• Discussion (1 page): Briefly discuss what you have learned and what you would achieve if you were to develop your paper-specific project into a full paper.

When you are ready to submit, provide me with:

  • The report in LaTeX (everything needed to generate the pdf report plus the pdf report itself).

  • All code needed to reproduce all experimental/numerical results in the report. All code should have informative file names (e.g. Figure1.R) and be clearly commented and documented. Code can be in any language you wish, though I strongly prefer R.

Available Papers

1. Data fission: an alternative to sample splitting

Paper: Leiner, Duan, Wasserman, and Ramdas. Data fission: splitting a single data point.

Note: Since this paper is rather long, focus your attention on a single application. If you’re not sure which to pick, then I suggest the application in Section 4.

Project Idea 1: The main idea is to explore other applications of data fission.

  • Describe a data analysis task (different from the applications explored in Sections 3-5) where you think that data fission would be useful.

  • Make sure to discuss why you think data fission would be useful. What might go wrong if you didn’t use data fission? It will likely be helpful to conduct some simple simulation studies to demonstrate what problems occur if you don’t use data fission in your setting.

  • Describe how you would go about applying data fission to your chosen setting.

Project Idea 2: The main idea is to explore the robustness of data fission.

  • For the single application you choose to focus on in your QP, evaluate the robustness of data fission against distributional assumptions via simulation. For example, what if we apply data fission assuming that the data are Gaussian, but the data are really Poisson? (You can safely ignore silly cases that would lead to you being unable to apply data fission at all - for example, you couldn’t apply the “Poisson” version of data-fission to Gaussian data because you can’t do the binomial sub-sampling on non-integer data.)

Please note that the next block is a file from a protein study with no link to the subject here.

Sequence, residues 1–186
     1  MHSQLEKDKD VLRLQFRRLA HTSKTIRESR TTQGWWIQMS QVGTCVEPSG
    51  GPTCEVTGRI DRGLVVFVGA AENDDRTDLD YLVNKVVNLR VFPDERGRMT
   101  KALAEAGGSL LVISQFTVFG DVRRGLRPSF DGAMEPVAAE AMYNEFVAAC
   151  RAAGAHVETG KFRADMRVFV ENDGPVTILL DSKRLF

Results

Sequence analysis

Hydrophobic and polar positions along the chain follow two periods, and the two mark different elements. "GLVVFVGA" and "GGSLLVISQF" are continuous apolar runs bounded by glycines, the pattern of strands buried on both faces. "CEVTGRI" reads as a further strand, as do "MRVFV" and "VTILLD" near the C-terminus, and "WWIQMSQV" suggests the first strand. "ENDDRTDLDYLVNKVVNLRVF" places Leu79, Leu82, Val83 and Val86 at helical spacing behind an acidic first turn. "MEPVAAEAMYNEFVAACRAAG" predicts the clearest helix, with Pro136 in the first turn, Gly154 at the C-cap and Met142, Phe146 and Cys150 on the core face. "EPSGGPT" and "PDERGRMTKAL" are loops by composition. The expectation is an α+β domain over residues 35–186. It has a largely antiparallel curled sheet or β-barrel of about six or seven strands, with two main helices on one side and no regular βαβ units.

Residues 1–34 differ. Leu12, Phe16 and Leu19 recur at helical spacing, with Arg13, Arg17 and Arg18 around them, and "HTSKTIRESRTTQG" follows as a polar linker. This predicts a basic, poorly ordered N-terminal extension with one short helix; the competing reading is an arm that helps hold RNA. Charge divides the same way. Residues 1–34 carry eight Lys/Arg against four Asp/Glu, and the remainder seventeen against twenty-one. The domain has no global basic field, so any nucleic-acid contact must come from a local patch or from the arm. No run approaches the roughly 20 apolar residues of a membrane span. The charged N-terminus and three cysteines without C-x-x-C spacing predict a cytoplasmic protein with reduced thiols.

• Write a report about your simulation study. This should include a description of the simulation set-up, a description of the results including tables and figures as appropriate, and a summary of what you learned from the simulation study.

2. Valid inference after outlier removal

Paper: Chen and Bien, Valid inference corrected for outlier removal.

Note: You do not need to fully understand Section 3.2. You can also focus your attention on the easiest case of testing an individual regression coefficient, though the paper is more general than that.